As for politics, Mr. Dimon claims that the recovery has stalled because of too much banking regulation. As Robert Reich observed, that notion is "bizarre." And smart economists agree that it would be tragic to cut government spending for deficit reduction before a real recovery has taken hold. (It would, however, be very good for Jamie Dimon and JPMorgan Chase.)
Still in his fifties, Mr. Dimon has many years of work life before him. But we already suspect that his professional legacy will be written with the words "Jamie didn't know." Deregulation put the global economy at risk, and Jamie didn't know. Dimon's entire industry went on a reckless gambling spree with government money, and Jamie didn't know. Spending and demand were down for anybody making less than $100,000 per year, leaving demand low and unemployment high, and Jamie didn't know.
But then, "not knowing" is also Mr. Dimon's moral and legal defense as JPMorgan Chase CEO. Given the level of corporate crime and malfeasance in his organization during his tenure as CEO, it seems that he's been a remarkably unobservant executive. He's failed to instill a corporate culture that places a premium on ethical behavior and respect for the law. Consider the evidence:
JPMorgan Chase participated in a blackmailing scheme in Jefferson County, Alabama, that was so corrosive and corrupt that it was forced to give up three quarters of a billion dollars to settle the case. Apparently Jamie didn't know this was going on in his organization, although it lasted quite a while.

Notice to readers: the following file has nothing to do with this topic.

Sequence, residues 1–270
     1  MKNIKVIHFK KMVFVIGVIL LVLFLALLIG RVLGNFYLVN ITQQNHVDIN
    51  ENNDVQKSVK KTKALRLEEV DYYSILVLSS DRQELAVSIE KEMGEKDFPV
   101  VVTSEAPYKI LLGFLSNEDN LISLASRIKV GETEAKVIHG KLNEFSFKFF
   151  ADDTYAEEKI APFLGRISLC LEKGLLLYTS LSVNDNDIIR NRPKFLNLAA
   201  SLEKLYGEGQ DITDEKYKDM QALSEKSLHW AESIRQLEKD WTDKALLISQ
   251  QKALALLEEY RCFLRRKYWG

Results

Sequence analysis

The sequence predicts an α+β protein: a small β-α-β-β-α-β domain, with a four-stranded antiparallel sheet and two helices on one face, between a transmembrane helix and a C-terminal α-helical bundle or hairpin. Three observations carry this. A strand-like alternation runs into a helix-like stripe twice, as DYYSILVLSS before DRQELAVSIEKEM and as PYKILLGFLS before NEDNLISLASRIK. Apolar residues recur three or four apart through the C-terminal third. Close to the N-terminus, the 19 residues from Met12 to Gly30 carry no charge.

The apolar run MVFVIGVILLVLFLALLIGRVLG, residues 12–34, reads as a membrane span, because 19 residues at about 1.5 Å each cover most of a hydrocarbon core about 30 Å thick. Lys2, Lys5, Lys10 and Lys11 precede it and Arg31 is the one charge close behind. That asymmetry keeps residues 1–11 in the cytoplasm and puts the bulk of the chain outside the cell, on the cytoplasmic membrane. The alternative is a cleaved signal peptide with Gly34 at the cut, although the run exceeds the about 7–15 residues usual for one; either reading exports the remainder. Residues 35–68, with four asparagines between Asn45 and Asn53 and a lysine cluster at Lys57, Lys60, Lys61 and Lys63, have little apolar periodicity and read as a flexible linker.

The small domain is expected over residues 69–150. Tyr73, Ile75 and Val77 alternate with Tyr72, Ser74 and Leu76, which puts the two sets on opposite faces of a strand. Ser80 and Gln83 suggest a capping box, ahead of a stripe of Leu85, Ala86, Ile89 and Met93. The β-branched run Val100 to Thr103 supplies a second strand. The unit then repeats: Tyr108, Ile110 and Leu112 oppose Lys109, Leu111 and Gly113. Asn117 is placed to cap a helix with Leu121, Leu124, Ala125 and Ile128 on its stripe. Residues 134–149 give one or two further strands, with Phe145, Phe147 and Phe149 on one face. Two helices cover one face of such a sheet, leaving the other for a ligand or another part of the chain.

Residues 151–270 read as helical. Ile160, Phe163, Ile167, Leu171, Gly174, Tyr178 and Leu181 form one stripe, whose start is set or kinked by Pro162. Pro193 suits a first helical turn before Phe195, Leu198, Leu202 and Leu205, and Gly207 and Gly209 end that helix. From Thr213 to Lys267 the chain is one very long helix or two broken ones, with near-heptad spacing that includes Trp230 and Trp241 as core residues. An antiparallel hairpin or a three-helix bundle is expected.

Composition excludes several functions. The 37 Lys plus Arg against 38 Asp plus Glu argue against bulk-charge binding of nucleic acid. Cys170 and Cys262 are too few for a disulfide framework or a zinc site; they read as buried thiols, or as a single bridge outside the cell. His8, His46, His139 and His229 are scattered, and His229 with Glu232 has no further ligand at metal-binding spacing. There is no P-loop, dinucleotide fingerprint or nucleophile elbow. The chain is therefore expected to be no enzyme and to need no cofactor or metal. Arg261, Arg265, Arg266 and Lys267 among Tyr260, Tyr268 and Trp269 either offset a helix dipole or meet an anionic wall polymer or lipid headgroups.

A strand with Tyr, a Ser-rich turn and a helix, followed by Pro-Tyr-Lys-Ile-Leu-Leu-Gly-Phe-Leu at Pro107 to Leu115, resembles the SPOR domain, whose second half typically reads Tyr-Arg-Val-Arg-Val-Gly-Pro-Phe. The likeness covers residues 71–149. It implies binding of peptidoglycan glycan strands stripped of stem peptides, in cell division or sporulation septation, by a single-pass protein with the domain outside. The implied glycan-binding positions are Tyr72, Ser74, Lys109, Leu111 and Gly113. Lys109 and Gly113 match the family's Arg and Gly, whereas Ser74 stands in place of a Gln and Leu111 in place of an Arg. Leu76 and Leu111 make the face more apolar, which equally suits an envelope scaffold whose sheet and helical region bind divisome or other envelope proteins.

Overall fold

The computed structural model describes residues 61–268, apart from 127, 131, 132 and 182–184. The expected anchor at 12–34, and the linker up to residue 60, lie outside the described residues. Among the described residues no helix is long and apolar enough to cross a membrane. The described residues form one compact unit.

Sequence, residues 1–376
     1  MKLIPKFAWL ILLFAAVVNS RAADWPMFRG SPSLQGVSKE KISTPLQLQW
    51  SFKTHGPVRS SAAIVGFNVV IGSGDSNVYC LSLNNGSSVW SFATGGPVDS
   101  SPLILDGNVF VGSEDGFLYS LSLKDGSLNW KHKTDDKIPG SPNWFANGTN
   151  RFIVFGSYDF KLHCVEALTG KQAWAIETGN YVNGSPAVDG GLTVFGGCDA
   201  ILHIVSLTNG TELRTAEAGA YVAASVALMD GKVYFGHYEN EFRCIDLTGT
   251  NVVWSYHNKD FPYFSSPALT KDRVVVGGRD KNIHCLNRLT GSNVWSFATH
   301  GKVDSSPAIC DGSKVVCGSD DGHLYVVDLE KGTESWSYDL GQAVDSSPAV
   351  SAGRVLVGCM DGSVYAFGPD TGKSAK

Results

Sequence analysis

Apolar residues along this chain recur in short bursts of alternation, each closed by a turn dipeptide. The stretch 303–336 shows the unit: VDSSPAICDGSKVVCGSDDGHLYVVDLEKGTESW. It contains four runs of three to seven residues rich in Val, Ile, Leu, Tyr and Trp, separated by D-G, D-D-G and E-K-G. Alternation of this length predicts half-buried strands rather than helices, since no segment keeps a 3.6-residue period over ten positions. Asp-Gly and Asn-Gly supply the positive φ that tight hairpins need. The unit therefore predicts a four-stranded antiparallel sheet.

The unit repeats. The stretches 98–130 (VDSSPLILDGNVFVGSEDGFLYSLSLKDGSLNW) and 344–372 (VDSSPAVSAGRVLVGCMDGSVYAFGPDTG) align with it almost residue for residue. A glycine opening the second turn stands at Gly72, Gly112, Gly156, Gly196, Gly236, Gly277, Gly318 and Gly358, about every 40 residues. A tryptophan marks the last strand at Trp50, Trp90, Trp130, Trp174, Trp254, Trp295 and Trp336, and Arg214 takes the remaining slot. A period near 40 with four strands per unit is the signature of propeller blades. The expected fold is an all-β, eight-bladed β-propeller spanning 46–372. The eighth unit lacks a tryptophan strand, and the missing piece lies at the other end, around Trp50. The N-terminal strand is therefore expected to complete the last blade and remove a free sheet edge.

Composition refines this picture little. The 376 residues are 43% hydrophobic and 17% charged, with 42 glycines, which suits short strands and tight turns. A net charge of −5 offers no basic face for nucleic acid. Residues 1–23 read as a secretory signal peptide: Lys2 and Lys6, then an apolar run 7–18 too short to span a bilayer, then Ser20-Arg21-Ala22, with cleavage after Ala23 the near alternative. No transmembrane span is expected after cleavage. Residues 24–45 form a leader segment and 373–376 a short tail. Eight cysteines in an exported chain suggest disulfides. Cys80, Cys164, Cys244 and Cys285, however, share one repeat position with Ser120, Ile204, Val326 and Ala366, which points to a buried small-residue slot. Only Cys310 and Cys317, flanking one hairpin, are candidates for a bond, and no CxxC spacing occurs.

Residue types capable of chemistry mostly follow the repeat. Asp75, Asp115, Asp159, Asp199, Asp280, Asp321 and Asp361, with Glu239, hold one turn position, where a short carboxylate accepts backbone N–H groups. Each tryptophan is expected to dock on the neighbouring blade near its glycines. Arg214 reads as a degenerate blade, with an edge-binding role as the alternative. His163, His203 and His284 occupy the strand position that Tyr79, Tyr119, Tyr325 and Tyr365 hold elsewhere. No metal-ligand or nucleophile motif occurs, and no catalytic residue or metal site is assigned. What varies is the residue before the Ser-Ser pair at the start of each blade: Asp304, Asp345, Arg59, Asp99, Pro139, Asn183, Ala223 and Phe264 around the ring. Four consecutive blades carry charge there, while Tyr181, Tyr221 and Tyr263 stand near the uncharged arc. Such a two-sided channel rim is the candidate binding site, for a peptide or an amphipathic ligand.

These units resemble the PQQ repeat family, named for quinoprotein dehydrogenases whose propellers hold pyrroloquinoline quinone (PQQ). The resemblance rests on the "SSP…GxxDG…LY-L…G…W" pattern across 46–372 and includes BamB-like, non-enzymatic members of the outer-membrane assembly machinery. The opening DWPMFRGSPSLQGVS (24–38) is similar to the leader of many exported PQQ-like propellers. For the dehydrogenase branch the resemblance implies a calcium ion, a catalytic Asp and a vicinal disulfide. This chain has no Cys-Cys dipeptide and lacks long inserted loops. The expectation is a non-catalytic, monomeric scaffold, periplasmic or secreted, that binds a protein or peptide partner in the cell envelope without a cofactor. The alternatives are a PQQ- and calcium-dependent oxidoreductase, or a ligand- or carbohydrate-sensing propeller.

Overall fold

A whistleblower report says that JPM knowingly sold hundreds of millions of dollars worth of bad credit card debt to third parties. Apparently Jamie didn't know.
JPM paid $25 million, a slap on the wrist, to settle charges that it illegally propped up a failed mortgage lender in Florida. Apparently Jamie didn't know.
Only last week JPMorgan paid $153 million to settle charges after it illegally lied to investors about a portfolio put together by a hedge fund that was betting that portfolio would fail. Apparently Jamie didn't know.
And in the very same week that JPMorgan Chase was making this sweetheart deal with the SEC and paying a fine for its wrongdoing, Jamie Dimon said this to the Australian: "It's so unfair to talk about Wall Street and ethics."
"The people that we deal with a lot on Wall Street are some of the most ethical people I know," Dimon added.
When anyone wonders why we need more banking regulations and stronger enforcement, Mr. Dimon (once called our "least hated banker") is Exhibit A. JPMorgan has set aside more than two billion dollars in expected litigation costs arising from its foreclosure actions. And yet I believe him when he says he's hurt and angry at the harsh way the public judges him and his peers.
Public distrust of bankers is the highest it's been since Gallup started tracking it in 1979, and has fallen to nearly half of what it was in 2007. Institutions like Mr. Dimon's are bigger than ever, and pose a greater risk than ever to the global economy. Bankers still break the law with impunity. Why does the public fear and distrust his profession? Why do people want to rein in Mr. Dimon and his peers before they cause even more harm?
Tragically, Jamie doesn't know.
By Richard (RJ) Eskow, Consultant, Writer, Senior Fellow with The Campaign for America's Future - THE HUFFINGTON POST